Sir Donald Francis Tovey later wrote “Here, for once, is a violoncello concerto in which the solo instrument displays every register without the slightest difficulty in penetrating the orchestra.” Many composers, including Shostakovich and Rachmaninoff, considered this concerto to be the greatest of all cello concertos.

The work can be split into three different sections as follows:

  1. Allegro non troppo
    The concerto begins unusually. Instead of the traditional orchestral introduction, the piece begins with one short chord from the orchestra. The cello follows, stating the main motif. Soon, countermelodies flow from both the orchestra and soloist, at times the two playfully “calling and answering” each other.
  2. Allegretto con moto
    This turbulent opening movement leads into a brief but highly original minuet, in which the strings are muted, and which contains a cello cadenza.
  3. Tempo primo
    A restatement of the opening material from the first movement opens the finale. While Saint-Saëns uses the finale mainly as a recapitulation of earlier material, he concludes it with the introduction of an entirely new idea for the cello.

Saint-Saëns very often uses the solo cello here as a declamatory instrument. This keeps the soloist in the dramatic and musical foreground, the orchestra offering a shimmering backdrop. The music is tremendously demanding for soloists, especially in the fast third section. This difficulty has not stopped the concerto from becoming a favourite of the great virtuoso cellists.

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TODAY’S BIRTHDAY: Ho Chi Minh (1890)


Ho Chi Minh (1890)

Ho was a Vietnamese nationalist leader, president of North Vietnam, and one of the most influential political leaders of the 20th century. Near the end of World War I, he went to France and became a founding member of the French Communist Party. He studied revolutionary tactics in Moscow and organized revolutionaries in Indochina. During World War II, Ho returned to Vietnam and declared it a republic. Why was news of his death in 1969 initially withheld from the North Vietnamese people? More… Discuss

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TODAY’S BIRTHDAY: Isabella d’Este (1474)


Isabella d’Este (1474)

One of the leading women of the Italian Renaissance, d’Este was a major cultural and political figure. She had a shrewd political acumen and ruled Mantua as regent for her son after the death of her husband. Known as “The First Lady of the World,” she was well-educated, a skilled musician and singer, and a renowned patron of the arts. Her simple style made her a trendsetter, and her fashion was imitated throughout Italy and France. Which artist did she repeatedly ask to paint her portrait? More… Discuss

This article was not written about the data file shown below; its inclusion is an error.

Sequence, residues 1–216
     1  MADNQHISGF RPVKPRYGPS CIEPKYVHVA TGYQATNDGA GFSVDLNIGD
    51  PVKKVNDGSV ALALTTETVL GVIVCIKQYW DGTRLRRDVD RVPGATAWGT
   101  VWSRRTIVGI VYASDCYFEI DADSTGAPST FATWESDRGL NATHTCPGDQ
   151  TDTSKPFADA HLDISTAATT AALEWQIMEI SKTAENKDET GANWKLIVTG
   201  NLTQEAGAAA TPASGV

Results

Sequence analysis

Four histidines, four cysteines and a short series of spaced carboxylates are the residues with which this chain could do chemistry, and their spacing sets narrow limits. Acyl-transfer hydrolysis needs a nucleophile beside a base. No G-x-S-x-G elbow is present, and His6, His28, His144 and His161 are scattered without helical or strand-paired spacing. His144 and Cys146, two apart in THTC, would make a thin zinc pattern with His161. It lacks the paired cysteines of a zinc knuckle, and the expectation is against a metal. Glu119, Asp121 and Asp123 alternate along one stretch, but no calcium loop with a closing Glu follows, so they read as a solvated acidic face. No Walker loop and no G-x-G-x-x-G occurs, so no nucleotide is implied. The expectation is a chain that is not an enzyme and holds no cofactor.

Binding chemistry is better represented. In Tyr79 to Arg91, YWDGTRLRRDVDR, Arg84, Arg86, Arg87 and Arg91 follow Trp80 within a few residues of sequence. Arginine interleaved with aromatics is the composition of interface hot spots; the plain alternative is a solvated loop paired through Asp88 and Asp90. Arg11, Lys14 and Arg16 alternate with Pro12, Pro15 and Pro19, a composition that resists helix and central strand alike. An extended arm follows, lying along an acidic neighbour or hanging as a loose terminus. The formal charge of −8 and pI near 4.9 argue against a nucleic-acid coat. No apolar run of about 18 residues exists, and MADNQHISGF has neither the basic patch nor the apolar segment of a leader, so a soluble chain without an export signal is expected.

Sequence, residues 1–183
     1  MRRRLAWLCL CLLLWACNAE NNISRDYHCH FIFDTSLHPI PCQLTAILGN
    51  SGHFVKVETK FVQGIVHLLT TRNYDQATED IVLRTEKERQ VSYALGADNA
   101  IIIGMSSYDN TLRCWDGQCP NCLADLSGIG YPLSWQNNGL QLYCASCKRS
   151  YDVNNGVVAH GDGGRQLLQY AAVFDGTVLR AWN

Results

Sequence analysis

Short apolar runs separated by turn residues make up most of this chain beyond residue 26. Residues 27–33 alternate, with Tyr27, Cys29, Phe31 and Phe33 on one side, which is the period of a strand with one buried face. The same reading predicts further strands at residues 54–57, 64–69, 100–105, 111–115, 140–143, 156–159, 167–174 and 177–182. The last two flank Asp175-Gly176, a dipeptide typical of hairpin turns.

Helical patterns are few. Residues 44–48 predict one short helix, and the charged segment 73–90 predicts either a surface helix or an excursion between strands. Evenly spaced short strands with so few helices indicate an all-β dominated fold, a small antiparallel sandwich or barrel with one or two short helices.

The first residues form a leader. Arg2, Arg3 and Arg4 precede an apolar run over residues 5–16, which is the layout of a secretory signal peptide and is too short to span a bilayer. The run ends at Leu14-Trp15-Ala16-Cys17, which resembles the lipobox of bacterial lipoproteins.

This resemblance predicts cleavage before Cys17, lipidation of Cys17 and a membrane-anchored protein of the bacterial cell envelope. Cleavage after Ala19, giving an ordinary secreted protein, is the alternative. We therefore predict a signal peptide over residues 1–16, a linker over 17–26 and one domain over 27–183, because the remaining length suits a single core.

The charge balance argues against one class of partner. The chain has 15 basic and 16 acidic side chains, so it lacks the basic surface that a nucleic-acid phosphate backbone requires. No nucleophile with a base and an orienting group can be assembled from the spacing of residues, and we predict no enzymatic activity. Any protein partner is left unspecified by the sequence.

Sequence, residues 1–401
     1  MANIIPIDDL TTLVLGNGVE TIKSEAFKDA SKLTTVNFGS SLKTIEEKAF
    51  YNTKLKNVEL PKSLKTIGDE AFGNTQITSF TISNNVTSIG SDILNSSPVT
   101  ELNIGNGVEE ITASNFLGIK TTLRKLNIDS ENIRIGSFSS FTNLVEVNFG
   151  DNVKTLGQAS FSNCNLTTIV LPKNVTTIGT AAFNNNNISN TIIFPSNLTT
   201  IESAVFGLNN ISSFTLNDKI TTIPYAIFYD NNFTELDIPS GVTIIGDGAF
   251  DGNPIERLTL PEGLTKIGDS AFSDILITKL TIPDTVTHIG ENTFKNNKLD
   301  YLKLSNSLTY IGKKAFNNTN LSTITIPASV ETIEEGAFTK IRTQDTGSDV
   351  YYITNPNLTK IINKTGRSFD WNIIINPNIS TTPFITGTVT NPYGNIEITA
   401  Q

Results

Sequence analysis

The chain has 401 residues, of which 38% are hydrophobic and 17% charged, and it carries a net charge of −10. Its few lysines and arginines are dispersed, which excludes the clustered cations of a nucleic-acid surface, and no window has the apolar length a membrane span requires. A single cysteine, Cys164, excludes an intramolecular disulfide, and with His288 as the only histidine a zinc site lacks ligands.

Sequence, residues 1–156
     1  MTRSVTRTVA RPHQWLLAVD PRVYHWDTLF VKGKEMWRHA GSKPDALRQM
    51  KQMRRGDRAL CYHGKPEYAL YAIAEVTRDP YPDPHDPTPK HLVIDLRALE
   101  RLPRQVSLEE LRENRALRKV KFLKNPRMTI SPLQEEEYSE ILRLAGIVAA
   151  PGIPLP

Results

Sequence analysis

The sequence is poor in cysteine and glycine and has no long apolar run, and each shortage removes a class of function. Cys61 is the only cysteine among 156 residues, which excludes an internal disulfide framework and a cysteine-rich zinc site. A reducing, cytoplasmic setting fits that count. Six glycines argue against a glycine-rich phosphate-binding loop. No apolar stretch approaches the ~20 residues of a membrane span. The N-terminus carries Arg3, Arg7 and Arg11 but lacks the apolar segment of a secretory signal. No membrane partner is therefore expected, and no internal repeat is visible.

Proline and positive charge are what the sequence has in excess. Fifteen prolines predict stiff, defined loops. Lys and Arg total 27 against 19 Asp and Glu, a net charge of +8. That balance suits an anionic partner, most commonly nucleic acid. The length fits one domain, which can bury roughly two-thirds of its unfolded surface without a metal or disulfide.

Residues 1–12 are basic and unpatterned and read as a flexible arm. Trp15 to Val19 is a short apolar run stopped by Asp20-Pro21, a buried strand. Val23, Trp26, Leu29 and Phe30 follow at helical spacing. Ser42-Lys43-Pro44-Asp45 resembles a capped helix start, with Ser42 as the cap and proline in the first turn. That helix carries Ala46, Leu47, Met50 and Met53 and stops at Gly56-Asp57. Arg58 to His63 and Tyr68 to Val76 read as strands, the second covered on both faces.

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TODAY’S BIRTHDAY: Pope Innocent XI (1611)


Pope Innocent XI (1611)

In 1676, Benedetto Odescalchi was elected pope despite the strong opposition of Louis XIV of France, with whom he had a long, bitter quarrel over Gallicanism—a French Roman Catholic tradition of resistance to papal authority. He took the name Innocent XI. As Pope, Innocent lived very parsimoniously and sought to curb nepotism among the cardinals. He closed all of the theaters in Rome—deemed centers of vice and immorality—and brought a temporary halt to the flourishing tradition of what? More… Discuss

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TODAY’S SAINT, MAY 11: Frost Saints’ Days


Frost Saints’ Days

These three consecutive days in May mark the feasts of St. Mammertus, St. Pancras, and St. Servatus. In the wine-growing districts of France, a severe cold spell occasionally strikes at this time of year, inflicting serious damage on the grapevines; some in rural France have believed that it is the result of their having offended one of the three saints, who for this reason are called the “frost saints.” French farmers have been known to show their displeasure over a cold snap at this time of year by flogging the statues and defacing the pictures of Mammertus, Pancras, and Servatus. More… Discuss

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Saint of the Day – May 10: Image of St. Solange St. Solange


Saint of the Day

Image of St. Solange

St. Solange

St. Solange d. 880, Born of a poor family of vineyard workers near Bourges, France, she became a shepherdess whose beauty attracted the lustful attention of a noble in Poitiers. He kidnapped her, but … continue reading

More Saints of the Day

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THIS DAY IN THE YESTERYEAR: Antoine Lavoisier Tried, Convicted, and Guillotined (1794)


Antoine Lavoisier Tried, Convicted, and Guillotined (1794)

Known today as the “father of modern chemistry,” Lavoisier was among the first to use quantitative methods in chemical investigations. He stated the first version of the Law of Conservation of Mass, named oxygen and discovered its role in combustion, and helped to construct the metric system. Lavoisier also worked to improve economic and social conditions in France. He was beheaded during the Reign of Terror because, as a member of the farmers general, one of his duties was to do what? More… Discuss